Popping with a flurry of consonantal k sounds (“Popcorn-can cover”) that settle down in the poem’s successive lines (“screwed,” “cold” and, finally, “can’t”), “Popcorn-can cover” reminds me that Niedecker’s is a poetry of pressure. Not only the pressure of brevity but also of everyday existence.
Popcorn-can cover screwed to the wall over a hole so the cold can’t mouse in — Lorine Niedecker
“Blame Not My Lute” is but one of eleven Thomas Wyatt poems that Basil Bunting read at the University of Newcastle-upon-Tyne in 1977. Wyatt was keeping good company on that occasion as Bunting, it appears, also read poems by Pound, Spenser, Whitman, and Zukofsky. Here for the "First Readings" series is Ross Hair's take on Bunting's take on Wyatt.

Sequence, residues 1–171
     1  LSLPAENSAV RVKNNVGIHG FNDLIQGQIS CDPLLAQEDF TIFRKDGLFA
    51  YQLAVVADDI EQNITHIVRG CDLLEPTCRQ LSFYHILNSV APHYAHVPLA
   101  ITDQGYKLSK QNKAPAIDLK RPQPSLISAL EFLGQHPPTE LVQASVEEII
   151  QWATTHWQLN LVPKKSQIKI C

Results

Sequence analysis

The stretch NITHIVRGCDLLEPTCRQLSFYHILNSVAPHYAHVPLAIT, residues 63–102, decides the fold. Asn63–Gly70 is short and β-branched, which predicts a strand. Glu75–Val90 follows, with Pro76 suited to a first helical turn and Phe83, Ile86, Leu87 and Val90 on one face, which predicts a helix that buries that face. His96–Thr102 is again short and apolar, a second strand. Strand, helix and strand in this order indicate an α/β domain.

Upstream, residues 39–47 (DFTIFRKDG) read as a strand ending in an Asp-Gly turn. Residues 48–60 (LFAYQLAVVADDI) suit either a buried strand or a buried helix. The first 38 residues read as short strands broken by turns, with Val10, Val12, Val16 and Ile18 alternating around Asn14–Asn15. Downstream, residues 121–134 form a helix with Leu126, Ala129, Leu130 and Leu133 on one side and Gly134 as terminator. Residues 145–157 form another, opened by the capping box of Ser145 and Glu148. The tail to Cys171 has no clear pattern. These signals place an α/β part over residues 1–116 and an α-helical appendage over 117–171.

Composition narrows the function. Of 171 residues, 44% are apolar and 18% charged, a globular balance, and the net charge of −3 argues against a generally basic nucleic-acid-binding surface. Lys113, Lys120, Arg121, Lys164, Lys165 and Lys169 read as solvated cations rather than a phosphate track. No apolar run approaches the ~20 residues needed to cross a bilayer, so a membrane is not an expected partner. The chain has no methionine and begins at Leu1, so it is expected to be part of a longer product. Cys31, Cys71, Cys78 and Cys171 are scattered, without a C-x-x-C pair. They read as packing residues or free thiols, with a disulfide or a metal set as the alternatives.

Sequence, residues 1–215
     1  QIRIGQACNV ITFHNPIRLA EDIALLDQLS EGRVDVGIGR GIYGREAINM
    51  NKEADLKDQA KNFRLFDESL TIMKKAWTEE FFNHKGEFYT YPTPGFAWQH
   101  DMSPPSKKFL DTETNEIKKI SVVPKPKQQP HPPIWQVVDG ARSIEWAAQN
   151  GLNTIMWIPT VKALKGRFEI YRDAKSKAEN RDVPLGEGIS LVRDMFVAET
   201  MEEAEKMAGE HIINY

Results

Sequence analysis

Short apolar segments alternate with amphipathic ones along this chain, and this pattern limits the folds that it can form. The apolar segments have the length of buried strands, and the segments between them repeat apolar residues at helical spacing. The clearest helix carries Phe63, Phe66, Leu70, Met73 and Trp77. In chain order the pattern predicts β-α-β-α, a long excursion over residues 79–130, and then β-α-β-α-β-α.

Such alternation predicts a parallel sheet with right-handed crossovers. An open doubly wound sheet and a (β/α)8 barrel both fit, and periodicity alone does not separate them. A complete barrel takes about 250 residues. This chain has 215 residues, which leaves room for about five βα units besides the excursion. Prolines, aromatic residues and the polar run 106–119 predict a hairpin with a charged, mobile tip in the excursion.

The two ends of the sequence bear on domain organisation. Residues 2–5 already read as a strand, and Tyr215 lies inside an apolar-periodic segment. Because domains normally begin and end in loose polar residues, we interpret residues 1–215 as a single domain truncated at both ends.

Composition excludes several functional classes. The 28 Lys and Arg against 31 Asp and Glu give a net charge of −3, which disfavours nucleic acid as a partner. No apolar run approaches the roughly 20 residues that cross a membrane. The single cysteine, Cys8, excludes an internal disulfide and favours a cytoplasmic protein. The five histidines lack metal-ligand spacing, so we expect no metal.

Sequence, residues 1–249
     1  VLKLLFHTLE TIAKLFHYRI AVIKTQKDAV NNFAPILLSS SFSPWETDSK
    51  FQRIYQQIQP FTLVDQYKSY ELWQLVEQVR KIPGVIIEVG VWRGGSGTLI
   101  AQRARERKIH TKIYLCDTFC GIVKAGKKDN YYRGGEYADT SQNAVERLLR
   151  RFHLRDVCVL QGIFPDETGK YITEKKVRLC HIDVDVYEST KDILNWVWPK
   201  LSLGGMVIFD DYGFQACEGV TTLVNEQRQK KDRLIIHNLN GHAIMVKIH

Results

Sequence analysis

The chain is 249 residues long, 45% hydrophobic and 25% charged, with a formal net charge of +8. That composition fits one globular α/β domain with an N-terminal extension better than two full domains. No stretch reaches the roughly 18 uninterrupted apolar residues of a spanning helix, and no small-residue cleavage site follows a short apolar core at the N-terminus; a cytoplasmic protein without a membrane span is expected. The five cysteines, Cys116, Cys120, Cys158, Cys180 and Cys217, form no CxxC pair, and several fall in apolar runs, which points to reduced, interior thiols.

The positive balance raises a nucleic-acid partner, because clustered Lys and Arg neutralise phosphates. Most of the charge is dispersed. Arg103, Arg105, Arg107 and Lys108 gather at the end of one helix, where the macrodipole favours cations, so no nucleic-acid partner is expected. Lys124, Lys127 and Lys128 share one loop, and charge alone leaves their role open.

The black screen that greeted me when I opened the PennSound link seemed particularly appropriate for the First Reading assignment. No context, no introduction, no preamble; just a recording of Bunting in the form of a nondescript audio file that, after clicking play, inched its way across the black screen, its bar changing from grey to white in just under three minutes. The URL reveals that the recording dates back to 1977. The PennSound Bunting page yields little extra: “Blame Not My Lute” is but one of eleven Wyatt poems that Bunting read at the University of Newcastle-upon-Tyne in 1977.